Romane Sarfati, CEO of the Manufacture nationale française de Sèvres and the National Museums of Sèvres and Limoges, talks about the bright future of ceramics and porcelain.
What collaborations of artists, designers or architects stand out in the history of the Manufacture de Sèvres?
From the 18the century, you have François Boucher, a very famous French painter. In the 19e century, you have Auguste Rodin. During the 20e century, we have had a lot of artists, like Jean Arp, Arman, Alexander Calder. The list of sculptors, painters and designers is very long, and from the end of the 20e century so far we have received around 10-20 invitations per year, which is a very dynamic artistic invitation policy. We select international and French artists and designers. We had very well known artists like Louise Bourgeois, Pierre Soulages, Lee Ufan and Giuseppe Penone, as well as very famous designers like Ettore Sottsass and Matali Crasset. Some of the designers and artists we have recently worked with include Zoe Paul on a porcelain curtain, Julio Le Parc on a sculpture and mobile, Arthur Hoffner on a fountain and Nicolas Buffe on a fine jewelry collection. We design and produce pieces ranging from jewelry to architecture, which means porcelain is a wonderful material to create a huge selection of pieces. The idea is to show that Sèvres is very young, can take risks and can manufacture different types of parts.
Tell me about your collectors and the audience you are trying to reach.
Most of them are between 40 and 50 years old and the idea is to reach more and more young people. This is what we do when we invite young designers – collectors are younger because they are more sensitive to this vision. In Sèvres, the pieces are all made by hand, so it costs a lot of money. The idea is for them to get to know Sèvres through smaller and less expensive pieces, and more recently, to show them pieces that we have installed in the public space. We sell to collectors, but we also work with public institutions, transport companies, ministries or town halls to produce and install monumental pieces visible to all. A few years ago, we had an order with RATP public transport in Paris, where we produced a large porcelain painting by Barthélémy Toguo which was installed at the Château Rouge metro station in a very popular area of Paris. You can visit our workshops and our museum, and you have historical and contemporary pieces from Sèvres in museums around the world, but also in public spaces. This means that Sèvres is not only for the rich, but also for anyone who can admire the pieces in the streets.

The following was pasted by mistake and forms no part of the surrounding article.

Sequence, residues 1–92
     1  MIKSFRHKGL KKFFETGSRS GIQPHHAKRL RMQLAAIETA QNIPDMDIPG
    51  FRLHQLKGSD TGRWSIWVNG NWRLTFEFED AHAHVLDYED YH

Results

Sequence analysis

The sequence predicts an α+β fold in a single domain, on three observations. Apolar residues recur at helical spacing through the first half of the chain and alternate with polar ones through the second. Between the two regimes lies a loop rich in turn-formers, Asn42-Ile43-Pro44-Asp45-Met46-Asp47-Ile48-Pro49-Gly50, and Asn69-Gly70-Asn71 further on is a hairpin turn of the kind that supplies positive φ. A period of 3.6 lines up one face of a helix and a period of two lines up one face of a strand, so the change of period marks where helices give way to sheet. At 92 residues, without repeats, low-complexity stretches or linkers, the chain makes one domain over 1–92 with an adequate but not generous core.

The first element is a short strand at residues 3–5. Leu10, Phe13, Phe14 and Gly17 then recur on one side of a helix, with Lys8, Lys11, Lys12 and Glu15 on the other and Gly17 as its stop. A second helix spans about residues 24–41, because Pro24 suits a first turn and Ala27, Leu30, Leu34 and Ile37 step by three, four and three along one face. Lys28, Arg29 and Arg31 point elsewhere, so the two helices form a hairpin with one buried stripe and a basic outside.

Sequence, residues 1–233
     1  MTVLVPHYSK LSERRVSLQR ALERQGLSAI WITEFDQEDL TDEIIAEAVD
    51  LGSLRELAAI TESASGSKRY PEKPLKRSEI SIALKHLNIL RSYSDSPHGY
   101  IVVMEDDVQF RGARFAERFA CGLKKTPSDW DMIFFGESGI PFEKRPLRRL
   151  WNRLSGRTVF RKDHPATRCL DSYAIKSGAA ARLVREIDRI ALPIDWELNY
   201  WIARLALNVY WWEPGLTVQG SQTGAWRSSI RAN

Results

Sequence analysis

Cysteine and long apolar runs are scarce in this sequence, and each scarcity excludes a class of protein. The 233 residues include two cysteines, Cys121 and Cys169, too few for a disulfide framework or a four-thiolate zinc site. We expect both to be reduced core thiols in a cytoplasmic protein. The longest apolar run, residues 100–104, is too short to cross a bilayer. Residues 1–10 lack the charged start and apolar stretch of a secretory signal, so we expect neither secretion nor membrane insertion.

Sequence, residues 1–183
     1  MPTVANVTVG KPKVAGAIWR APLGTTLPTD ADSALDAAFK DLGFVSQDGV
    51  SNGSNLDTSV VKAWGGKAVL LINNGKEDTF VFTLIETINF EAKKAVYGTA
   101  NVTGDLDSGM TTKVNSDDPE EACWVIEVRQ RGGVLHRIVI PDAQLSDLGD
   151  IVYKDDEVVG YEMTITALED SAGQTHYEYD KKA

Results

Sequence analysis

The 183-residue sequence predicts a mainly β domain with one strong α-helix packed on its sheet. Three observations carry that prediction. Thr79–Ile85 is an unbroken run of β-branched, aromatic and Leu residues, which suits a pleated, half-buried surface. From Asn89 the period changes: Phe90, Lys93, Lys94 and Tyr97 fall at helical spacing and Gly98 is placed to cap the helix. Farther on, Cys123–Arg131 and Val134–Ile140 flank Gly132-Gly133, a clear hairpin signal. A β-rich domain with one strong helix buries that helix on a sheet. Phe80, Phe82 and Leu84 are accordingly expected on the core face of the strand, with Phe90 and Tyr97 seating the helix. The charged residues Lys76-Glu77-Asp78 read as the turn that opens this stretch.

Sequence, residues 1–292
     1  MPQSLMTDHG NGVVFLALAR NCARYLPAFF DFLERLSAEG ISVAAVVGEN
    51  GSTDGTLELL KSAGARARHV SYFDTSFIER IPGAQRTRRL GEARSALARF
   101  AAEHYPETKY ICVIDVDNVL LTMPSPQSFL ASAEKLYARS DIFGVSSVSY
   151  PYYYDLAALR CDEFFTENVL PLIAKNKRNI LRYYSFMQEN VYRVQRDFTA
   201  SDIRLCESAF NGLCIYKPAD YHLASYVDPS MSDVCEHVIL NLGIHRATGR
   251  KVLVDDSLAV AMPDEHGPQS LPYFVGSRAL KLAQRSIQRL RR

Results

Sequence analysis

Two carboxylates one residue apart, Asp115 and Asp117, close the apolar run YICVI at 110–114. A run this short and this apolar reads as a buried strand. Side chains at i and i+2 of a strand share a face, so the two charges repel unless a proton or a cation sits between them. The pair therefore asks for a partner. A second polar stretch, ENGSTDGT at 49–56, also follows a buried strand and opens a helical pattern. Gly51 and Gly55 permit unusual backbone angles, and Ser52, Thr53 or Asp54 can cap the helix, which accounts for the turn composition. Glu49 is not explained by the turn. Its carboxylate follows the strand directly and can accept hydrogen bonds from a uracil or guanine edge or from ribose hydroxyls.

How do you see the future of porcelain manufacturing?
It is a very interesting period because there are more and more young people interested in crafts in general, in particular ceramics and porcelain. It’s wonderful to see how excited the students are to learn with our artisans. A few years ago, we didn’t have this kind of commitment and so many young people interested in joining us. Our students come from different schools. Some have degrees in ceramics, but most come from the history of art, architecture and design, artistic fields in general, bringing different points of view. Some have very advanced degrees and are intellectuals who have been trained to acquire knowledge, but they are interested in working with their hands and with our exceptional craftsmen. It’s a new trend, especially in France. The same goes for artists and designers. They are more and more interested in ceramics and know more and more about the potential of this material, so it is very dynamic now.